Doger, I'm not going to like this place,' said Edna Murgatroyd.'What's wrong, Edna?' asked her husband.There was always something wrong! Mrs Edna Murgatroyd was always complaining. The Murgatroyds had been married for twenty-five years and Edna was never happy about anything or anybody.'It's hot and dirty here,' she said.'Yes, dear,' said Roger Murgatroyd, 'but we're only going to stay here for a week.'An hour earlier, the Murgatroyds had arrived here on the island of Mauritius. Now they were in a taxi, travelling north from the airport towards Trou d'Eau Douce - a village on the east coast of the island.There were three passengers in the taxi - Roger Murgatroyd, Edna Murgatroyd and John Higgins.Roger Murgatroyd was about fifty years old. He was short, he was fat and he wore glasses. Today, he was wearing a dark suit. His wife was a few years younger than Roger but she was heavy too. She was wearing a large, dark red dress. John Higgins was about twenty-five years old. He was wearing a cool white suit and sunglasses.The two men worked for the Midland Bank. Roger Murgatroyd and John Higgins were the Midland Bank's Employees of the Year.Every year, the bank rewarded two of its employees. The two employees who had worked the hardest were given a reward. The bank gave the two employees and their families a holiday. This year, 1977, the reward was a holiday in Mauritius. Edna Murgatroyd had come to Mauritius with her husband. John Higgins was not married - he was travelling alone.The taxi passed through the village of Trou d'Eau Douce. It was a pretty village beside the sea. The village had a small harbour. There were some fishing boats in the harbour.'This is a good place for game-fishing,' said Higgins.After a few more miles, the taxi arrived at the Hotel St Geran. It was a beautiful white building near the sea.Higgins and the Murgatroyds got out of the taxi and Higgins paid the driver. Two hotel porters carried the three travellers' bags to the reception desk. The manager of the hotel welcomed the new guests in the reception area.'I hope that you enjoy your holiday,' he said. 'Mauritius is a beautiful island.'Suddenly, a man who was wearing shorts and a brightly- coloured shirt walked towards the desk. He was holding a can of beer. He had come from the hotel bar, which was near the reception area. He looked at John Higgins and the Murgatroyds.'Are you the new guests?' he asked in a loud voice. He spoke with an Australian accent.'Mmmm. Yes,' said Roger Murgatroyd. Roger was a shy man - he could never think of anything to say to strangers.'I'm from Sydney, Australia,' said the man. 'My name's Harry Foster, what's your name?''I'm Murgatroyd - Roger Murgatroyd. This is my wife - Edna, and this is my colleague, John Higgins.'Edna Murgatroyd looked angrily at the Australian's shirt and his can of beer. She did not speak.'Where are you from?' asked Harry Foster. He was asking them which country they came from but Roger did not understand.'The Midland,' he said. 'Higgins is from the Midland's head office and I'm from a branch of the bank in East London.'Harry Foster laughed. 'So - Murgatroyd of the Midland and Higgins from Head Office,' he said. 'I like it. Good on yer, Murgatroyd!'The hotel manager looked at Edna Murgatroyd's angry face. He spoke quickly.'Please let our new guests relax after their long journey, Mr Foster,' he said. He held Harry Foster's arm and led him back towards the bar.Edna stared at the Australian. 'That man is drunk!' she said loudly.'He's on holiday,' said her husband.'I don't like people who get drunk!' said Edna.When they got to their room, Edna Murgatroyd decided to sleep for an hour after the long journey. Roger Murgatroyd was pleased. He sat quietly and looked out of the window.The next day, Roger Murgatroyd began to enjoy his holiday. When he woke up, he looked out of the bedroom window. The view was beautiful.When he looked out of his bedroom window at home in London, he saw cold, grey, wet streets. But here, in Mauritius, he could see the golden beach, the blue sea and the green palm trees. He looked at the hot sun and at the bright sea and at the white waves. He felt happy and relaxed.Murgatroyd ate some fruit for breakfast. Then he went down to the beach to swim and to lie in the sun. At ten o'clock, Edna came down to the beach too. For the next two hours, she sat under a sun umbrella and told her husband what to do. She told him to bring cold drinks, then she said that she did not like them. She told him to put sun-tan oil on her back, although she did not want to lie in the hot sun.At lunch time, the Murgatroyds went back to their room. Roger put on a pair of brightly-coloured shorts.'Let's go to the restaurant,' he said.'You can't wear those shorts,' his wife said. 'You must wear a pair of trousers.''Yes, dear,' said Murgatroyd. He took off the shorts and put on a pair of dark trousers.The days passed quickly. Every day, the Murgatroyds did the same things. They sat on the beach. Edna sat under a sun umbrella and read romantic novels. Roger did what his wife told him to do.John Higgins had met some young people and he went out with them each day. The Murgatroyds did not see him often. But on the Friday afternoon, Roger did see Higgins. Higgins spoke quietly to Roger Murgatroyd while Edna was asleep.'Tomorrow is the last day of our holiday,' said Higgins. 'Do you want to come game-fishing?''What do you mean - fishing for sharks?' asked Murgatroyd.'Not sharks - tuna, bonito, dorado and other big fish,' Higgins replied. 'I've been to the harbour at Trou d'Eau Douce. Three South African businessmen hired a boat. They wanted to go fishing tomorrow. But now they have to go back to Johannesburg quickly, so they don't have time for fishing. The businessmen have paid half the money for the boat. So we can hire the boat for only fifty dollars. We can go game fishing tomorrow.''Edna won't let me go,' said Murgatroyd sadly.'Then don't tell her,' said Higgins. 'Just go!'For a moment, Roger Murgatroyd was shocked. He always asked his wife before he did anything. But tomorrow was the last day of his holiday. He wanted to enjoy himself. He would never have a holiday like this one again. He wanted to go game-fishing with Higgins!Suddenly, he felt happy. 'Edna will be angry,' he said to himself. 'Well, I don't care!''Yes! All right,' he said to Higgins. 'I'll come with you.''Good!' said Higgins. 'Meet me by the hotel reception desk at four-thirty tomorrow morning.'Murgatroyd was awake all night. He lay quietly beside his wife, but he did not sleep. At four o'clock, he got dressed quickly. He put on his brightly-coloured shorts and a thin shirt. It was dark outside. Murgatroyd left the bedroom very quietly and he met Higgins by the hotel reception desk. Soon they were in a taxi, travelling south towards Trou d'Eau Douce.At the little harbour in Trou d'Eau Douce, they met their guide. He was a tall South African called Andre Kilian. Murgatroyd and Higgins each gave him twenty-five dollars. The guide took them to a boat called the Avant. They met the captain and a young man who worked on the boat.'This is Monsieur Patient,' said Kilian. 'And this is his grandson, Jean-Paul.'Monsieur Patient was a strong old man in his seventies.He was wearing an old straw hat. Jean-Paul was a tall man in his twenties.Jean-Paul carried boxes of food and cans of beer onto the boat while his grandfather talked to Kilian. Finally, Jean-Paul put a large tool-box and a metal bucket full of squid onto the boat's wooden deck.'We are ready to leave,' said Kilian.At about half-past five, the boat left the harbour. The sun was rising.Andre Kilian showed Murgatroyd and Higgins the two long fishing rods which were used to catch big fish. Each rod had a large reel of very strong fishing line.'The reels have eight hundred metres of line,' Kilian said. 'Big fish are very strong. A big fish will pull out several hundred metres of line from the reel. It's difficult to reel in a big fish. It's difficult to pull the fish to the boat.'There was a special seat at the back of the Avant. A fishing rod could be fixed to the deck in front of the seat.'When you catch a big fish, you must fix the rod here,' said the guide. He pointed at the deck. 'You must sit in this seat while you reel in the fish.'At about half-past six, Monsieur Patient slowed down the boat's engine.'We will fish here,' Kilian said.Jean-Paul went to the fishing rods. At the end of each line, there was a very sharp hook. The young man put a small squid onto each hook, and he threw the ends of both lines into the sea. If a big fish ate one of the squid, the hook would cut into the fish's mouth. Then one of the fishermen could pull the fish to the boat. He could reel in the fish.After a few minutes, one of the fishing lines became tight. A fish had eaten the squid and the hook.'We've caught a fish!' shouted Higgins. 'I'll reel it in!' Higgins took the rod and he sat in the seat. He started to reel in the fishing line. He turned the reel slowly and carefully. Soon, the fish was beside the boat. Jean-Paul leant over the side of the Avant. He lifted the fish into the boat and pulled the hook out of its mouth.'It's a bonito,' said Kilian. 'It weighs about two kilos.'Jean-Paul put another squid on the hook and he threw it into the sea. Soon, one of the fishing lines was tight again. This time, Murgatroyd took the rod and sat in the seat. He started to turn the reel.'It's heavy!' he said. 'It must be a big fish.'He turned the reel slowly. He reeled in the fish. Kilian leant over the side of the boat and looked into the water.'Another bonito,' said Kilian. 'A bigger one - about four or five kilos.'At eight o'clock in the morning, the sun was getting hot. Higgins and Murgatroyd caught some more bonitos.Before nine o'clock, Higgins caught a much larger fish. It was the colour of gold.'It's a dorado,' said Kilian. 'Dorados are good to eat. We'll ask the chef at the Hotel St Geran to cook this fish tonight.'Soon after nine o'clock, Monsieur Patient spoke to his grandson. He spoke in Creole French.'Ya quelque chose - nous suit,' he said.'What did he say?' asked Higgins.'He said that there's something following us,' answered Kilian.Higgins looked at the sea behind the boat. He could not see anything.'How does he know?''Monsieur Patient has been fishing here, in this sea, for sixty years.'Jean-Paul reeled in the lines. He took some wire-cutters from the tool-box and he cut the hook from the end of each line. Then he fixed much larger hooks to the lines. He did not put squid on these. On each hook, he put one of the bonitos which they had caught.Half an hour later, one of the lines became tight. Murgatroyd took the rod and sat in the seat. Suddenly, his line was pulled out very quickly. A hundred metres of line was pulled out in less than a minute. The reel made a loud noise as it went round and round.'Hold onto the handle of the reel!' said Kilian. 'Slow down the reel, or all the line will be pulled off it. You've caught something big.'Murgatroyd held the fishing rod tightly. He slowed down the reel. The end of the rod bent over and pointed down towards the sea. After three minutes, the reel stopped turning. Six hundred metres of fishing line had been pulled from the reel.'We must put the harness on you,' said Kilian. 'This is a very big fish!'The harness was fixed to the fishing seat. Quickly, Kilian and Jean-Paul harnessed Murgatroyd to the seat. There were two leather straps over his shoulders and two round his legs. Another strap was round his waist.'Now the fish won't be able to pull you into the sea!' said Kilian.Old Monsieur Patient slowly turned the boat. He looked at the sea behind the boat. 'Marlin!' he said.'You're lucky, Mr Murgatroyd,' said Kilian, 'you've caught a marlin.''Is that good?' asked Murgatroyd.'Marlin are the biggest and best game-fish,' Kilian answered. 'Rich men come here every year. Many of them spend thousands of dollars and they never catch a marlin.'Murgatroyd could not see the marlin, but he knew that it was very strong. Sometimes the fish turned and swam towards the boat. When that happened, Murgatroyd reeled in some of the line. Then the marlin turned away from the boat and pulled the line from the reel again.'That fish will fight you for hours,' said Kilian.Murgatroyd felt the heat of the sun. It was ten o'clock. His arms were aching. Soon the sun would be hotter. Could he hold the fishing rod for hours?Between ten and eleven o'clock, Murgatroyd reeled in the line three times. Each time, he slowly and painfully reeled in a hundred metres of line. Each time, the big fish pulled a hundred metres out again.At eleven o'clock, the marlin tail-walked for the first time. It was five hundred metres from the boat. It came out of the sea and it stood up on its tail.'It's walking on the water!' said Murgatroyd.Monsieur Patient looked at the huge fish. 'C'est l'Empereur,' he called to his grandson.'What did he say?' asked Higgins.'He said that it's the Emperor,' answered Kilian. 'All the fishermen on the island know about this fish. They say that the Emperor is the biggest blue marlin that they have ever seen.'At midday, Murgatroyd was feeling tired and ill. His hands were very painful. He had been fighting the fish for two hours. Murgatroyd pulled. The fish pulled. Murgatroyd turned the reel forwards. The marlin made the reel turn backwards. Suddenly, the fish stopped pulling. A few minutes later, its head came out of the water. The fish was only three hundred metres from the boat. After a few seconds, it went back under the water.'Reel in! Quickly! Reel in!' shouted Kilian.Murgatroyd reeled in the line as fast as he could. His hands began to bleed.'You're tired,' said Kilian. 'Shall I hold the rod for an hour? Then you can take it again.''How much longer will the marlin fight?' asked Murgatroyd.Kilian looked at Monsieur Patient. The old man said, 'Deux heures encore.''Two more hours,' said Murgatroyd, 'I'm all right. I can do this for two more hours. It's my fish.'Then the marlin started pulling on the line again, but it did not pull as strongly as before. For another ninety minutes the fish and the man fought each other. Murgatroyd's mouth and lips were dry. There was blood on the fishing rod. Pull. Reel. Pull. Reel. -Murgatroyd forgot that his hands were bleeding.At last, the marlin stopped pulling. Murgatroyd reeled in carefully. Suddenly they all saw the fish.'The Emperor is coming in!' Kilian shouted.The blue marlin came out of the water thirty metres from the boat. Murgatroyd continued to reel in the huge fish. When it was three metres away, he could see the hook in its mouth.Jean-Paul moved to the side of the boat. He had a large, pointed metal bar his hand. He lifted the bar above his head. He was going to kill the fish.'No!' shouted Murgatroyd.Jean-Paul stopped and looked at Murgatroyd. Murgatroyd got out of the harness. Slowly and painfully, he went over to the tool-box. He took the wire-cutters from the tool-box and he walked to the side of the boat.The huge blue body of the marlin lay in the water next to the boat. The fish was tired. It had no strength for fighting.Murgatroyd leant over the side of the boat. He put the wire-cutters round the fishing line and he cut through it.'What are you doing?' shouted Higgins. 'The Emperor will get away!''Yes,' said Murgatroyd.The great Marlin went down slowly beneath the Advant. The fish was free.Murgatroyd tried to stand up but he was too weak and dizzy. He fell heavily onto the deck. He had fainted!The Avant returned to the harbour at Trou d'Eau Douce in the evening. Murgatroyd had drunk some cold beer and he was feeling better. But his hands were still very painful. And the skin of his arms and his legs and his face was sunburnt.There was a crowd of villagers standing at the harbour when Monsieur Patient turned off the Avant's engine. Jean- Paul and his grandfather got off the boat first. They went to talk to the villagers. Then everyone walked back to the Avant.Kilian and Higgins helped Murgatroyd to get off the boat. As Murgatroyd walked away from the Avant, Monsieur Patient took off his straw hat and said, 'Salut, Maitre.'The villagers repeated his words. 'Salut, Maitre, salut,' they said quietly.'What are they saying?' asked Higgins.'They're talking to Mr Murgatroyd,' said Kilian. 'They're calling him a master, a great fisherman.''Because I caught the Emperor?' asked Murgatroyd.'No! Because you gave him his life,' said Kilian.Kilian and Higgins took Murgatroyd to the small hospital in the village. A young Indian doctor put some bandages on Murgatroyd's hands.At nine o'clock, Monsieur Patient came to the hospital. He and Murgatroyd talked for half an hour.It was ten o'clock when Murgatroyd and Higgins walked through the doors of the Hotel St Geran. Murgatroyd was very tired. His skin was burnt by the sun. Both his hands were covered with white bandages.Harry Foster, the Australian, held up a glass of beer. 'Well done!' he said. He was drunk again.Then Edna Murgatroyd came downstairs. She had curlers in her hair. She was very angry.'Murgatroyd!' Edna shouted. She always called her hus-band 'Murgatroyd' when she was angry. 'Where have you been? You look terrible!'Murgatroyd looked at his wife. The curlers in her hair were like snakes. Suddenly, he shouted at her.'And you look terrible too, Edna! Be quiet or go to bed!'Edna Murgatroyd's mouth opened but she said nothing. She had been married to Roger Murgatroyd for twenty-five years and he had never shouted at her.'Edna, for twenty-five years you have made me unhappy,' Murgatroyd said to his wife. 'You have often said that you wanted to go to live with your sister. Well, now you can go to live with her. You are free. I shall not return to England with you tomorrow.'A crowd of people had come from the hotel bar. They stood with Harry Foster and they looked at Roger Murgatroyd.'Have you forgotten your job at the bank?' asked Higgins. 'You can't leave the bank, Murgatroyd. How will you earn money? How will you live?''Edna can have our house and everything in it,' said Murgatroyd. 'I have a little money. I'm going to buy Monsieur Patient's boat and a small house on the beach here. I will learn about the sea and about fishing. Monsieur Patient will teach me. We will go game-fishing with the tourists who come here, to Mauritius. They will pay us well.''But - the bank!' said Higgins.'And me. Have you forgotten about me?' Edna asked angrily.Roger Murgatroyd thought for a moment, then he said, 'To hell with the bank! And to hell with you, Edna!'And Murgatroyd started to walk towards the hotel bar. The crowd of people with Harry Foster followed him. They laughed and shouted.Harry Foster smiled and held up his glass of beer. 'Good on yer, Murgatroyd!' he said. - THE END -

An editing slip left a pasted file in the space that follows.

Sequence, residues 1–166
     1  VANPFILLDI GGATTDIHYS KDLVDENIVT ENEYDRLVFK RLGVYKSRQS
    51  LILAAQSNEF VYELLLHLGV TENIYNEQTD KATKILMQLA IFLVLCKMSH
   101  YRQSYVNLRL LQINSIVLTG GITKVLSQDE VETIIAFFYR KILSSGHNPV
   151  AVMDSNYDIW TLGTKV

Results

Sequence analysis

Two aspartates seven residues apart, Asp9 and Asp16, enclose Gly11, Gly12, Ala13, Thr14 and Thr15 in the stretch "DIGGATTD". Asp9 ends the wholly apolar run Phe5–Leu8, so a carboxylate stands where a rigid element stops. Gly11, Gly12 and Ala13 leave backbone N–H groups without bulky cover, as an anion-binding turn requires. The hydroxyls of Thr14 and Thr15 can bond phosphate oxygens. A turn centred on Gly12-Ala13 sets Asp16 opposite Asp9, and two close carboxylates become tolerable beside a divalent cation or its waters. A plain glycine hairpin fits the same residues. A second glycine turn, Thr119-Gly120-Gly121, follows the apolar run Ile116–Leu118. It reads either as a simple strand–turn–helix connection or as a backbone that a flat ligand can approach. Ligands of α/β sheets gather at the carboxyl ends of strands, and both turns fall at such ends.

Used In Evidence